Thursday, August 5, 2010

Watson Lake, Yukon Territories

We spent Wed night (Aug 4th) at Watson Lake, YT  (even just saying “the Yukon”  seems almost unreal – and, in Summer, this is not the Yukon I normally picture.)  The weather is mild – around 75 degrees for a high and about 56 degrees for the low. The daylight is what seems so strange. It is just dusk even at 11 pm. Waking in the middle of the night, I noticed that it is not really ‘dark’- you can still see into the woods. There has been a haze in the sky all of Wednesday’s drive, worsening around Watson Lake, due to a large fire burning south of there. This fire has had one of the main highways  (Hwy 37) closed off and on for days. Not a problem for us –right now- but we will have to check in about 3 weeks when we are headed back as we had planned on driving Hwy 37.

We had planned some lower mileage days along this stretch so that we could enjoy some sightseeing. Watson Lake has several attractions. One, The Signpost Forest was begun in 1942 by a homesick WWII soldier working on the Alaskan Hwy when he added his hometown to a signpost along the hwy construction. The tradition continued here at Watson Lake. with people form all over adding their own signs. There are now approximately 67,000 signs from all over the world! Darn – if we had know, we would have brought a sign!

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We also enjoyed the evening show at the Northern Lights Center – a planetarium show about the Aurora Borealis (the Northern Lights) This show was informative and included ongoing research by scientists at UC Berkeley. The film footage of the Lights was almost spiritual. Unfortunately, the Northern Lights can not really be seen in the Summer. The best viewing time is January- and I don’t think we will be considering being here in the Yukon in January!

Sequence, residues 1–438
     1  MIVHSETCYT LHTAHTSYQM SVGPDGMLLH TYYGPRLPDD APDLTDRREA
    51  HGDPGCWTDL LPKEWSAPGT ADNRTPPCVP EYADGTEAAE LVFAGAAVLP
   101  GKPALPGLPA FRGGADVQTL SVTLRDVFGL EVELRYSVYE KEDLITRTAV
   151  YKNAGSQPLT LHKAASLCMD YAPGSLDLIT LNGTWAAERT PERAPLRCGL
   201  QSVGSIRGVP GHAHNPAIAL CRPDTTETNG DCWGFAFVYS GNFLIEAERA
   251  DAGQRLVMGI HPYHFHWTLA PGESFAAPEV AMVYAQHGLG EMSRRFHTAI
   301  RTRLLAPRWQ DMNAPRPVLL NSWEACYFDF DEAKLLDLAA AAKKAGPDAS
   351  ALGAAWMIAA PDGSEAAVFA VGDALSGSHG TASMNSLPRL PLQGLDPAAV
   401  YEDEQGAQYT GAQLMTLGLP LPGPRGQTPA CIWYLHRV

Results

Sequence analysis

We spent the Night at Watson Lake Recreation Area, one of the government campgrounds. A 3 mile drive down a gravel road was rewarded with a beautiful, secluded campsite with a view of Watson Lake through the trees. The purple wild flowers are ‘fireweed’ – the official flower of the Yukon. It can be used for a variety of things from making jelly, use as a spice, to use in a salad (like spinach)

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This campground had no services (electricity, or water, just pit toilets, no showers) but we feel comfortable knowing that we are quite self sufficient. We carry water, have propane for the ‘fridge and for cooking, and a generator if we should want/need electricity. This gives us the flexibility to enjoy a spot like this.

Thursday, we enjoyed our morning coffee……..


………….in the company of a lone loon on the lake.


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